more critical capability given the uncertainty associated with the increasing complexity and
dynamics of the 21st century’s strategic environment.
The case studies analyzed well documented endeavors in the areas of Peacekeeping (Ruanda 1994), Cyberwar
(Estonia 2007 and Georgia 2008), Disaster Management (Earthquakes In Garda 2004 and Haiti 2010),
Terrorism (Olympic Games in Munich 1972 and Vancouver 2010) and Counter Insurgency (Helmand-
Afghanistan, 2010/11). The experiments were conducted using several simulation platforms available in
Canada, Italy, Portugal, UK and USA to investigate variations of independent variables on C2 agility in different
The records of historical interventions support the hypothesis that chances for controlling and ending intra -
national or trans-national crises and armed conflicts improve with the effectiveness and responsiveness of
interventions. Quick and determined action is necessary in order to avoid or contain the escalation of armed
conflicts. This is because the higher the level of mutual violence between inimical groups the lower is their
inclination for a peaceful settlement of the conflict (Dudouet, 2006). If a certain level of violence has been
exceeded, the only solution remaining may be peace-enforcement and temporary physical separation of the
antagonists such as in Bosnia-Herzegovina between Bosniacs, Croats and Serbs. Even today – 17 years after the
Dayton Agreement – Bosnia-Herzegovina suffers from the aftermath of the conflict and violent quarrels
between ethnic and religious groups. In other words, in order to quickly stop fighting among the parties to a
conflict, and to support diplomatic efforts for conflict settlement, interventionists require both robust and agile
military capabilities to halt hostilities and an efficient long-term strategy for the regeneration and stabilization
of the conflict region.
Enhancing European Defense Cooperation
Recent history suggests that addressing large scale complex emergencies such as the Indian
Ocean Tsunami, or complex endeavors of the scale of the multinational intervention in
Afghanistan, are an increasing burden on purely national capabilities, and coalitions tend to
be the preferred way of sharing such burdens. This is especially true for European countries
such as the United Kingdom (UK), France, Germany and others who are in the process of
constraining defense spending in order to help reduce public debt. In addition, as already
noted, the US pivot to the Asia-Pacific region, will force the European allies to become
serious about addressing the longstanding problem of the transatlantic gap in military
Thus, beyond restructuring national forces and improving the efficiency of national defense
spending, the question is whether and to what degree the respective national programs are
1) efficient in the sense of maximizing synergies between them and avoiding
2) complementary to close potential capability gaps; and,
3) agile enough to permit joint adaptation for meeting newly emerging security
Thus, the question is, can today’s national defense planning approaches practiced
independently by European nations be transformed into more cooperative multilateral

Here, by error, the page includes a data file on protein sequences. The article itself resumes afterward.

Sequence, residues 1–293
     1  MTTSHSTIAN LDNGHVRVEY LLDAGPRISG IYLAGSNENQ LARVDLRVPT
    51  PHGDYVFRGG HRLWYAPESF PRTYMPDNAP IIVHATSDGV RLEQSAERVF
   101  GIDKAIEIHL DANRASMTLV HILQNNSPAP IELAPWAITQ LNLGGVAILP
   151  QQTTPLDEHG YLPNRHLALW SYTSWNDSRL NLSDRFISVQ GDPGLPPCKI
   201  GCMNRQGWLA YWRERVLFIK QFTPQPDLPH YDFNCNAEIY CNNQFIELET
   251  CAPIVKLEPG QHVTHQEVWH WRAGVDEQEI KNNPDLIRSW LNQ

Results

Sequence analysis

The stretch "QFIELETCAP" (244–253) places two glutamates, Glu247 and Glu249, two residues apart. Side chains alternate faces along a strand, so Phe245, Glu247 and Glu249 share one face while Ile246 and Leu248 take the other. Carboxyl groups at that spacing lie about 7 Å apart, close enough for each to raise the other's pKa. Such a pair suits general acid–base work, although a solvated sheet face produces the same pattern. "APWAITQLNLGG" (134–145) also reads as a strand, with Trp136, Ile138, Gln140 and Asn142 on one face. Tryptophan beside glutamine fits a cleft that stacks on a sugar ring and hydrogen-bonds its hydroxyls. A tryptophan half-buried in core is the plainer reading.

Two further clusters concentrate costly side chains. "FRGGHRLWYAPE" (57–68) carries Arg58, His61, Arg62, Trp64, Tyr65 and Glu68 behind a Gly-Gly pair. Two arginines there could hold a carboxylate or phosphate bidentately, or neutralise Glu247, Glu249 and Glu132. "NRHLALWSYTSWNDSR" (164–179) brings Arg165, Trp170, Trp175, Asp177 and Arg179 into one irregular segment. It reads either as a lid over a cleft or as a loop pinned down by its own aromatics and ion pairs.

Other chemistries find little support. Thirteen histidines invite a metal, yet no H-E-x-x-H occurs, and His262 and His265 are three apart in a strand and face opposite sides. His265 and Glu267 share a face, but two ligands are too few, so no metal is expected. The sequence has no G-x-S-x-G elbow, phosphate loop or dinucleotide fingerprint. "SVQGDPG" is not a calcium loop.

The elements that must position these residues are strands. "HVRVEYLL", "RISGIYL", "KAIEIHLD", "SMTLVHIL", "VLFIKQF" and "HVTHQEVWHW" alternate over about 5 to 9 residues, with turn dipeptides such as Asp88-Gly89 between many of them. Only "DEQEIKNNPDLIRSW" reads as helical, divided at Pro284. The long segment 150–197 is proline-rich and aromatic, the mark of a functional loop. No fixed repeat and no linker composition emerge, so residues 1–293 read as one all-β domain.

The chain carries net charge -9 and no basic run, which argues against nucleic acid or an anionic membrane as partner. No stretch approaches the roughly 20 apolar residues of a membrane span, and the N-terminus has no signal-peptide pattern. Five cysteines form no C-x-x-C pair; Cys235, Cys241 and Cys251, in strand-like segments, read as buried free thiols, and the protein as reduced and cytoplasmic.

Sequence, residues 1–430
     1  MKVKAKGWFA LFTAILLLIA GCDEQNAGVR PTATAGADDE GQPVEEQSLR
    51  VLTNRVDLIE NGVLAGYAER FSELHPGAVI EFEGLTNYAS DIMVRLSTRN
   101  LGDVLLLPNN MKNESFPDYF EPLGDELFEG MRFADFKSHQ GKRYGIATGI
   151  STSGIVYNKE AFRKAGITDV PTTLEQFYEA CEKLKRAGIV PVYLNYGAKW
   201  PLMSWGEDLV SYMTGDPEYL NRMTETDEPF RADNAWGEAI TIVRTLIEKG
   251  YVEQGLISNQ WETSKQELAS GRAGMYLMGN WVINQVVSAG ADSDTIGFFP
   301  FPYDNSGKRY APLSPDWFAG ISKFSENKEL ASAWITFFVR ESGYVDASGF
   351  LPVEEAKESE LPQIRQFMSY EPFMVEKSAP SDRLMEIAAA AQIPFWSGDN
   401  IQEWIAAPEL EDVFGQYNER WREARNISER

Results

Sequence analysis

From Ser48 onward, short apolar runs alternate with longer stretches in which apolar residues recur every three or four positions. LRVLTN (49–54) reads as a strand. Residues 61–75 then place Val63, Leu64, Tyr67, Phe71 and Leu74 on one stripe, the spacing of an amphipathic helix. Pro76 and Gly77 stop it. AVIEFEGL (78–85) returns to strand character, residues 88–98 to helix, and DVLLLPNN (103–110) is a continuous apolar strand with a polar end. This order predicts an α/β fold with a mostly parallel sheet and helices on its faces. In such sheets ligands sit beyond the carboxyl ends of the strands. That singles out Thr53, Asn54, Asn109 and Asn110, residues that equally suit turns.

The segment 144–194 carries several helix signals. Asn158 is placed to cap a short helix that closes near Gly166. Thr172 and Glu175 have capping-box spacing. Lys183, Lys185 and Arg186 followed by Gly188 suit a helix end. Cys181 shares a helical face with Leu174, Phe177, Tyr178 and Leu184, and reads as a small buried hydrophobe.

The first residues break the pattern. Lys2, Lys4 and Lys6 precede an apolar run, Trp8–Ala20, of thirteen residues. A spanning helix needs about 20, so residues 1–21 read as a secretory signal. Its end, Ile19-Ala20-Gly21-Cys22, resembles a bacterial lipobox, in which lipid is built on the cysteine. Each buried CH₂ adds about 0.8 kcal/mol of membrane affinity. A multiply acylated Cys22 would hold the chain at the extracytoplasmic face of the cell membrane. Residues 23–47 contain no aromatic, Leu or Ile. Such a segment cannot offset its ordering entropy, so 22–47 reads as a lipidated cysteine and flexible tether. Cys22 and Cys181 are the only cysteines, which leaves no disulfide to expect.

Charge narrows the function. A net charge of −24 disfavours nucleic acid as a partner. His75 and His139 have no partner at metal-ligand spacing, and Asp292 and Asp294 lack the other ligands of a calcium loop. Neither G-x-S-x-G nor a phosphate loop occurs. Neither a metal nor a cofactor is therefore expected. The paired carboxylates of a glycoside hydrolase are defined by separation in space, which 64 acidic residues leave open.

approaches that support a convergent development of national military forces?
Characteristics of a Convergent Approach
A convergent approach would be characterized by deliberate interaction and information
sharing between the defense planning authorities of the European nations similar to what
the N2C2M2 (NATO, 2010) describes for the C2 of military operations and management of
complex civil-military endeavors including their planning.
The ultimate result of this
potential transformation might be to enable the collaborating nations to rapidly put
together a joint ‘Information Age Force’ (of which the NATO Response Force might be an
extant prototype) capable of dealing with the resulting uncertainty and complexity implied
by large scale emergencies.
In analogy to the N2C2M2, we consider improved cooperation
in defense planning and capability development among European countries as the
prerequisite to a convergent development of national militaries toward more effective and
efficient collective defense capabilities. To this end, we take a closer look at the implications
In fact, C2 or management involves continuous adaptation of the initial plans as operations or endeavors
unfold in a dynamic operational environment (Alberts and Hayes, 2007). This is particularly true for defense
planning as changes in the defense and security environment need to be responded to or exploited so that the
capabilities necessary for protecting the security interests of nations or an alliance are maintained.
See Alberts and Hayes (2003) p.97 for a discussion of the desired characteristics of Information Age Forces.
of the five C2 approaches defined by the N2C2M2 as milestones on a journey to network-
enabled C2 that NATO forces require to improve their operational capabilities.
Options for Europe
It should be kept in mind here that in the context of European defense planning the term
Entity refers to national defense planning authorities as opposed to military and civilian units
in the N2C2M2. Similarly, the term Collective refers to the defense planning authorities of
NATO and/or the EU.
Conflicted C2 Approach. This approach refers to disjointed operations when the
entities (nations or national representatives) participating in an endeavor plan and
operate independently, with no interactions, no exchange of information, and
disregard of the collective. This results in the possibility that their individual
outcomes are in conflict with each other thus generating adverse effects. Similarly,
disjointed defense planning, when entities (nations) plan independently disregarding
the collective, involves the risk of wasteful redundancies and non-interoperable and
incompatible capabilities. As a consequence, the effectiveness of collective